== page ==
Their search concluded, they drove to Andrews Air Force Base on a bright May morning just to look, they insisted, at a litter of wire-hairs that had been born on April 1. When they knocked on the door, the runt of the litter came racing around a corner and leapt into Goose's arms. In contrast to her six siblings, the runt was mostly white, except for some black and brindle on the head and a large black spot on her right hindquarter. The energetic runt was, of course, ME, and I greeted Goose with a thousand tiny kisses. In a moment, the die was cast. Goose and I had claimed one another, and it was just a matter of waiting until the more deliberate Moose had carefully observed and examined all seven puppies in order to determine that, yes, the gregarious little runt was indeed the best and Roxie-est of them all. After watching me run my parents and litter mates around the yard for an hour or so, she finally figured out what Goose and I had known all along, and off we went to live happily ever after.
I tell this story because Mark Doty describes a similar moment of instantaneous dog-human bonding in his wonderful new book, Dog Years: A Memoir, which you can and should buy here. Doty describes a moment in Mexico, traveling with his partner Paul. They have lost one dog to a devastating neurological illness and are concerned about the health of another they have left at home when Doty finds himself suddenly smitten with a dog he meets wandering the streets of San Miguel. He can't stop thinking about the dog and seriously considers taking it back to New York. Reflecting upon the intensity of his yearning for this stranger, Doty recalls the moment of their connection, when he held her head in his hands and each looked deeply into the eyes of the other as they took one another's measure. "I trust that moment," Doty writes,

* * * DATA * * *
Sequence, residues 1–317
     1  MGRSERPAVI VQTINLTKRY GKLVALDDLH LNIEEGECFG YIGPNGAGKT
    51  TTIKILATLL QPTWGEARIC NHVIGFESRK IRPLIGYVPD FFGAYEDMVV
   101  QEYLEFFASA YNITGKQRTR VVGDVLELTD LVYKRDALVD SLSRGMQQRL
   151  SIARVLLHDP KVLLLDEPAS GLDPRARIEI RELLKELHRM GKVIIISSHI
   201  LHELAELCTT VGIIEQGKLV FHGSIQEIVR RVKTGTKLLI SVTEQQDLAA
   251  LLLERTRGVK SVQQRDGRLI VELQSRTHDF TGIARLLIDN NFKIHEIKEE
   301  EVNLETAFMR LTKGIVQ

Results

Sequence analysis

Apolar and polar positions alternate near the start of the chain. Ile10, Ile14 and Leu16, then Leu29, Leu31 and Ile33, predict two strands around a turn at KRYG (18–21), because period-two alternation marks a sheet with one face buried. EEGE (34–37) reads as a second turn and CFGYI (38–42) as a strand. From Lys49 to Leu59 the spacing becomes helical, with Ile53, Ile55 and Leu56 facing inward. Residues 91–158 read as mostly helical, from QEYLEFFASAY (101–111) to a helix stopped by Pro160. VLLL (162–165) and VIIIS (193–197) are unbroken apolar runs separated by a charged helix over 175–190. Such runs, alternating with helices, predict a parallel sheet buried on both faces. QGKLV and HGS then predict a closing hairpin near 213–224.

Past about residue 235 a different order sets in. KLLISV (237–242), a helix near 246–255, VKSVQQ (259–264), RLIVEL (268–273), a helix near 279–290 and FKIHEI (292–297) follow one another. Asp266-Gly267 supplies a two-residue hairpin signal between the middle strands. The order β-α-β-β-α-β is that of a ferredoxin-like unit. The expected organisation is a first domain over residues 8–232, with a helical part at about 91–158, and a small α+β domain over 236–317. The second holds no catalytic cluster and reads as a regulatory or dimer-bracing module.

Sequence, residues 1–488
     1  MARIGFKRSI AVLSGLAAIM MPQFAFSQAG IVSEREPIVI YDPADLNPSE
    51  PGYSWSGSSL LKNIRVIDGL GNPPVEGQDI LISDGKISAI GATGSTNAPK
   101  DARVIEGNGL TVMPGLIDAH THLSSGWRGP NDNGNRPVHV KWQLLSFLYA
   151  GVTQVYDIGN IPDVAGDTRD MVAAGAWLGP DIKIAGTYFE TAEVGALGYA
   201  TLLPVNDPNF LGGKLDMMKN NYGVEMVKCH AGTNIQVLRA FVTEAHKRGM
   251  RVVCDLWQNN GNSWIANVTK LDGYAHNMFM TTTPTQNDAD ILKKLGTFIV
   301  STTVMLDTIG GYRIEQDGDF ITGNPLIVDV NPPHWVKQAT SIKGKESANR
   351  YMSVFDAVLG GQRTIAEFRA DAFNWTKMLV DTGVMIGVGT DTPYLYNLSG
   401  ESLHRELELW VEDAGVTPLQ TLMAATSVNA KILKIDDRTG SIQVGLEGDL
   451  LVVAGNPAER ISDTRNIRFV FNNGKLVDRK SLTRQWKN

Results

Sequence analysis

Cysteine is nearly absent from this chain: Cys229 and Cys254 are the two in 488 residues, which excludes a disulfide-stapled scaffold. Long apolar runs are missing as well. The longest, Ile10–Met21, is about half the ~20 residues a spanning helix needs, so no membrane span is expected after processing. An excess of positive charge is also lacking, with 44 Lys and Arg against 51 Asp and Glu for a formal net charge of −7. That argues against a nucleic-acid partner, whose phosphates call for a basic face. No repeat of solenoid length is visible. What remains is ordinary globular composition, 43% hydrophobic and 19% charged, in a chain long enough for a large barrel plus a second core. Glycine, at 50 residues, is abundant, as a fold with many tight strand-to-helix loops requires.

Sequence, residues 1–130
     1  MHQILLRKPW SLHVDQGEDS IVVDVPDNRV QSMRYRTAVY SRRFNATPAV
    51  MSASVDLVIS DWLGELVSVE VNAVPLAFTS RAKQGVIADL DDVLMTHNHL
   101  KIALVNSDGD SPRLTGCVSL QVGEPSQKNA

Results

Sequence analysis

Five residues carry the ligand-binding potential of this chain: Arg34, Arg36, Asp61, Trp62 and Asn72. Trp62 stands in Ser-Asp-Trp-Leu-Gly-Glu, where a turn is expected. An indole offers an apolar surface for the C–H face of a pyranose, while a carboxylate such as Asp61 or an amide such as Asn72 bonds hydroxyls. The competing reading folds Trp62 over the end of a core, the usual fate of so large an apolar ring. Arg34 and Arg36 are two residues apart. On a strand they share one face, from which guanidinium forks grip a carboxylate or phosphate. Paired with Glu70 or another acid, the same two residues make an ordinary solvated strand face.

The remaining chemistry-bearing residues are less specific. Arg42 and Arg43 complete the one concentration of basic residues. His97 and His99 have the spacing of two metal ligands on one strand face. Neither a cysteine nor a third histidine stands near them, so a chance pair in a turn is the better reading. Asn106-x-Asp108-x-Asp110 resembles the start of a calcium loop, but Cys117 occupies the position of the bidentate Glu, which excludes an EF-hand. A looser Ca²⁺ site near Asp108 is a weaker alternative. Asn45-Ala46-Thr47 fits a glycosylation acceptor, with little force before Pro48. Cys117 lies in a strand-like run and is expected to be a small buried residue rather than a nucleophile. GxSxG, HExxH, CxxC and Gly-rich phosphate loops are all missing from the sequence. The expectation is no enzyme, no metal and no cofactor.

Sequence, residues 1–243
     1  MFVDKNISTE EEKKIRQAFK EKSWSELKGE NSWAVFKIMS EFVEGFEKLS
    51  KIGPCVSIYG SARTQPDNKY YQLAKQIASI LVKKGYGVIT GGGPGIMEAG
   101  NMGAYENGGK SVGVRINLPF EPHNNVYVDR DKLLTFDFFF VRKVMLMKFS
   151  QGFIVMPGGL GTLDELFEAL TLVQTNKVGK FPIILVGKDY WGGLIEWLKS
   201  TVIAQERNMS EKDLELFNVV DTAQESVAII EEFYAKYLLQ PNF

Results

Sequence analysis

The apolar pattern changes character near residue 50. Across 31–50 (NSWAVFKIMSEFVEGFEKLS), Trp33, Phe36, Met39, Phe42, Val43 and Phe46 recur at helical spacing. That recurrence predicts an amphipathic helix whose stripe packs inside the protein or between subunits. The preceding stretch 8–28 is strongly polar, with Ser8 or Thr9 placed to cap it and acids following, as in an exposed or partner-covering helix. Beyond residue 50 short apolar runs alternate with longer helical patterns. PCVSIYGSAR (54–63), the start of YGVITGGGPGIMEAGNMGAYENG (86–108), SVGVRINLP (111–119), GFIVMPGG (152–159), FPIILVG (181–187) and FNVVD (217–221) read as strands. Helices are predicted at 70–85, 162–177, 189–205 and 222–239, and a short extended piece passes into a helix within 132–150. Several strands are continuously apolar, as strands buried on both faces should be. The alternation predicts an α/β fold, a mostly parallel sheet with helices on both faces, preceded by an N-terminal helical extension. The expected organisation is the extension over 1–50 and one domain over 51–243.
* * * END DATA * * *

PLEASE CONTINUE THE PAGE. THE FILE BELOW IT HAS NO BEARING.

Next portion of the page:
the weight of her small head in both my hands; who she is, in that instant, became perfectly clear. You can know an animal -- or a person, for that matter -- in an instant, though your understanding can go on unfolding for years.Dog Years is full of such epiphanies, moments of deep connection between dogs and humans that illuminate or console, reveal and re-vitalize. Doty is an accomplished poet and memoirist, and the elegy is one of his favorite modes. (A previous memoir, Heaven's Coast, focused on the illness and death of an earlier partner, Wally Roberts. For more complete information on Doty's career, click here.) This eloquent and moving book will appeal to a range of readers on a number of different levels. Dogs will admire Doty's close attention to the physical particularities of the two dogs who are the focus of his story -- the spots on Beau's tongue, the smell -- like corn muffins -- of Arden's ears, the golden coat of the one, the shiny black of the other. They'll thrill at the time he takes recounting the many pleasures and adventures of his life with the dogs and be moved by the depth of his caring for them through the infirmities of old age and the profound sorrow he experiences at their passing. People who love dogs will be happy to see the subject of loving dogs taken so seriously. Moose appreciated the swift, direct manner in which Doty addresses many of the charges typically leveled against writers who take up the subject of love for the companion species -- i.e., that it is inherently trivial and sentimental. Writing in the shadow of September 11, 2001 (and having been in New York City on that fateful day), Doty acknowledges that the death of a dog is not commensurate with the death of thousands of people, yet he insists that Beau and Arden are as deserving of love and grief as the human dead: